Getting to the Heart(bleed) of the Problem

University visiting scholar, research fellow discuss cybersecurity in wake of massive Web vulnerability.

April 16, 2014

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By James Irwin

Heartbleed, a vulnerability affecting nearly two-thirds of the Internet, is raising all sorts of questions over how secure a “secure” connection really is on the Web. George Washington Today sat down with Cyber Security Policy and Research Institute Visiting Scholar Allan Friedman and research fellow Trey Herr, a second-year graduate student in the Columbian College of Arts and Sciences, to discuss the Heartbleed bug and the issues it’s created.

Q: What is Heartbleed, and how did the problem originate?
TH: Let’s say you’re a Facebook server and I’m a laptop. I come to you to establish a connection. When you do that there’s a protocol called a ‘handshake.’ This secures part of what’s called a secure socket layer (SSL) that enables a connection. The handshake produces a session key that allows the two machines to talk.

This Facebook session can last a long time. It’s inefficient for me to have to come back to you and do a new handshake every time I want to send data, so there’s a part of the SSL called a ‘heartbeat.’ It sends a ping between the browser and server at regular intervals to maintain the current session. Heartbleed is a vulnerability that exists in the code that establishes this heartbeat.

Q: What happened with the vulnerability?

TH: SSL relies on any one of a number of different libraries. One is called OpenSSL and that’s where the heartbleed vulnerability originated. The problem is that the code, as it was written, didn’t set a limit on how much information my computer can request from a server. An attacker can go to Facebook, request the heartbeat key and take every piece of data on either side of it, up to 64 kilobytes each time.

The major question regarding Heartbleed is the extent of the damage. "Most of the large companies affected quickly patched the vulnerability," Visiting Scholar Allan Friedman said. "What we don’t know is who was able to access what type of data in the narrow window between when the vulnerability was identified and the companies scrambled to patch it."

AF: Often that data is junk—random garbage. But there’s the possibility the attacker might be able to access usernames, passwords or sensitive content. Worst case: They can access the important secrets the Web server uses to keep all its data secure.

Q: How does this affect people and organizations?
AF: What’s rather dangerous is we don’t know what’s been compromised. Often when you have a vulnerability it will only affect a small number of people and you’ll be able to say a bad guy probably got a certain type of information. In this case, anyone who could move quickly could potentially get a lot of information because there was no limit to the amount of times you could try and pull information from the server.

Q: How widespread is the problem?
AF: It affects a huge number of websites, including social media and e-commerce. But, notably, almost no financial services sites were vulnerable—they use a different set of tools to protect personal information. The important thing is the software doesn’t affect data “at-rest.” It’s not about the data that’s sitting on a disk somewhere. This is all about data being used in real-time by a Web server.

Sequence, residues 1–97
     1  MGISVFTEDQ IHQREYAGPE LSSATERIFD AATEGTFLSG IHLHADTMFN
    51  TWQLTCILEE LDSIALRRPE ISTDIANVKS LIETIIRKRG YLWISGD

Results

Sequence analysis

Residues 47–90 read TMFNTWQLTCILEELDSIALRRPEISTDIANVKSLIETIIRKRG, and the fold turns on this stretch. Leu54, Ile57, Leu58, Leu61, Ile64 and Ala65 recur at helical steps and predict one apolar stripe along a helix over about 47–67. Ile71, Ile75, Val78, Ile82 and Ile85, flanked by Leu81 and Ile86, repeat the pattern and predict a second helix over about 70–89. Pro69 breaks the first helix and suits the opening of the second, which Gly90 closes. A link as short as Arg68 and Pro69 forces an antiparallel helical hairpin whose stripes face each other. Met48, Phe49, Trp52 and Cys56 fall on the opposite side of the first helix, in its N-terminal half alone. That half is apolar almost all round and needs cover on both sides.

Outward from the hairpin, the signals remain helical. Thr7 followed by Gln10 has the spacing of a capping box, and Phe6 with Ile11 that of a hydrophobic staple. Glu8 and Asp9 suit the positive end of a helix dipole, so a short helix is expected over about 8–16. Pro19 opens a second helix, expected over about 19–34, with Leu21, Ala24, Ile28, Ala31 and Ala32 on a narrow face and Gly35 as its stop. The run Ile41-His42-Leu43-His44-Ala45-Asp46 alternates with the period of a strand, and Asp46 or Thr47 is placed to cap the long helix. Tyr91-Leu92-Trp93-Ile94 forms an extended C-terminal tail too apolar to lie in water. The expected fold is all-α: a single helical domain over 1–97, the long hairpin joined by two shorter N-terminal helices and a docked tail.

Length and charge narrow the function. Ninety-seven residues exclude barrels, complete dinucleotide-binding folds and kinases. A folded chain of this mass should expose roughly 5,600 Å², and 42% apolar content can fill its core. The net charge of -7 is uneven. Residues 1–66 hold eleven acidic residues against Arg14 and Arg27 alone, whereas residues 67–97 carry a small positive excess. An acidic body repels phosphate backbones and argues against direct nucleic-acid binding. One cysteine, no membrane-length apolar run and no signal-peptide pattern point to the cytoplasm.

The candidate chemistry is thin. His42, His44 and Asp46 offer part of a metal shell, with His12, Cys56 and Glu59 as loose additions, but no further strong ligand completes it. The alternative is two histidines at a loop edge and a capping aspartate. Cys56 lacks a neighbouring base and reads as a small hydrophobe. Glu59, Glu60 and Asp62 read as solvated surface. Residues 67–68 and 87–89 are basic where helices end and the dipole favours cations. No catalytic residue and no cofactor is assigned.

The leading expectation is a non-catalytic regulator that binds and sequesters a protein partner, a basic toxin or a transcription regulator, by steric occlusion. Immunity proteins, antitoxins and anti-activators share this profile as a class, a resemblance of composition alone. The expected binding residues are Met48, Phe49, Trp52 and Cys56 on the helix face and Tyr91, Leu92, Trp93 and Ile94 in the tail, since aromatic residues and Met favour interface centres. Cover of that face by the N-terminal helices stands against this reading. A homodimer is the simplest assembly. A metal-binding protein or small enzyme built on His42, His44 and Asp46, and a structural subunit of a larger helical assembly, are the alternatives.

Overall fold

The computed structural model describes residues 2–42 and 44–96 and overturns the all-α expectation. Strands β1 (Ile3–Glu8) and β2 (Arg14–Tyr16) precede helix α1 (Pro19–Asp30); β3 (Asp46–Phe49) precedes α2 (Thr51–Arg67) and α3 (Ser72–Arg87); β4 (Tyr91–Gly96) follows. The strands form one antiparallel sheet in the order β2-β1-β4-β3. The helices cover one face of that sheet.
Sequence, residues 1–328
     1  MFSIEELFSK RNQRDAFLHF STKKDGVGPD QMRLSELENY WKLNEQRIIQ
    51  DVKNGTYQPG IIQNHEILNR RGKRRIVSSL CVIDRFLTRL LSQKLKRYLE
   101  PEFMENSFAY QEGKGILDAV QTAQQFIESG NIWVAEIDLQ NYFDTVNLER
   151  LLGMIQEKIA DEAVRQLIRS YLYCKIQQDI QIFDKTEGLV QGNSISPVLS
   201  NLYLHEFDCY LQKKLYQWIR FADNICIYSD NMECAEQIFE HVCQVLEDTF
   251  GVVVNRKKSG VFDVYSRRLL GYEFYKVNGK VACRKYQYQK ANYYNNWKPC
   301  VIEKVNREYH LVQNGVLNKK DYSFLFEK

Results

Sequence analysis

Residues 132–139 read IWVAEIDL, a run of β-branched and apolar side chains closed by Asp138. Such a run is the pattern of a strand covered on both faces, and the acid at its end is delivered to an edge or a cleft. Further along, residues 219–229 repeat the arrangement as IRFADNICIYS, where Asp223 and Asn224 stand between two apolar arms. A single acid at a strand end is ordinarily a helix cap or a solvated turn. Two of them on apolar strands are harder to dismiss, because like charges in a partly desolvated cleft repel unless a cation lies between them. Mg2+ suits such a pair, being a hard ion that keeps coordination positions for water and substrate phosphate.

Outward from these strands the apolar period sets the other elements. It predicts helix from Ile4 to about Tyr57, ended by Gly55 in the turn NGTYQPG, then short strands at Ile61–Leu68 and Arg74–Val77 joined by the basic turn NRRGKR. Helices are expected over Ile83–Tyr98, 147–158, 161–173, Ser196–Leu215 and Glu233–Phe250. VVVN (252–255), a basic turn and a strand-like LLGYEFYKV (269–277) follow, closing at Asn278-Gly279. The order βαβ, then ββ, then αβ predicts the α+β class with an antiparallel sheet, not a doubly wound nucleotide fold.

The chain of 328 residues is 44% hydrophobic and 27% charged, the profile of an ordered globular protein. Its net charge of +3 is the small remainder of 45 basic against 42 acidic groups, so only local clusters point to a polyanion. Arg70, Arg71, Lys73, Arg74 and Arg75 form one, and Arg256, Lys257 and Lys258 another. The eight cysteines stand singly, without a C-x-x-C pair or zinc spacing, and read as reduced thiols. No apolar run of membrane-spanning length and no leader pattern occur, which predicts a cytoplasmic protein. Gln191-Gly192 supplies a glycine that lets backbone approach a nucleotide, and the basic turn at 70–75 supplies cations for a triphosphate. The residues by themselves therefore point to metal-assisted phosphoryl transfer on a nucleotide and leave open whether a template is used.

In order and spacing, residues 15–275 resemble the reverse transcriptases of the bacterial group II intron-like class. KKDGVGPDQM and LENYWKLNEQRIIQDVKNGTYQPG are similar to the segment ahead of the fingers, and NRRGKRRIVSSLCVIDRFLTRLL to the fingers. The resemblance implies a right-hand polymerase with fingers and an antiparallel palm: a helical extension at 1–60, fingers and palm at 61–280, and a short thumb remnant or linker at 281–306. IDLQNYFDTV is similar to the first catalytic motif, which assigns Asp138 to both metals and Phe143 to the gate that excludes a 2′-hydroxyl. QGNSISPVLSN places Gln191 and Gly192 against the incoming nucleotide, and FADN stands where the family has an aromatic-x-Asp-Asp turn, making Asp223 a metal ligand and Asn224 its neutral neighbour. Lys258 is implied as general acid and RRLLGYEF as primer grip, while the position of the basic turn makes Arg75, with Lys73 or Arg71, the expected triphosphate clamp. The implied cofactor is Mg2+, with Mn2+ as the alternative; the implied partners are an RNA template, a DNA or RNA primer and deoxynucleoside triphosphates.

TH: Unfortunately, knowing about this also means the cow is already out of the barn. This code has been in the OpenSSL library for about two years, which means at any point during that time, if someone knew about the vulnerability, they could have taken advantage of it.

Q: How difficult will it be to fix this?
AF: By now most of the companies that were affected have found out and have updated their software to close their vulnerability. But Web servers for large sites are very complicated and it’s not always as easy as clicking “update the software.” Those of us who use personal computers occasionally are annoyed by having to close out our windows before we reboot. Imagine how much more complicated that is on a server that’s still serving hundreds of thousands of people at a time.

TH: In terms of patching, there certainly are industries moving slower than others. There’s a large degree of fragmentation in the Android database, for example, with people using different versions of the operating system. Patching that is going to take time. The same goes for companies that have a Web presence and use OpenSSL but aren’t Web-centric organizations.

Q: What can individuals do?
AF: Mashable has a fairly comprehensive list of affected sites, and we may learn of certain websites that were more seriously compromised than others. It’s also important to remember your email password must be different from any other password you use. It’s very important for security—we use our email to recover account information for everything.

TH: And, if for some reason you haven’t updated your passwords on popular websites over the past few years, consider yourself admonished and go change them.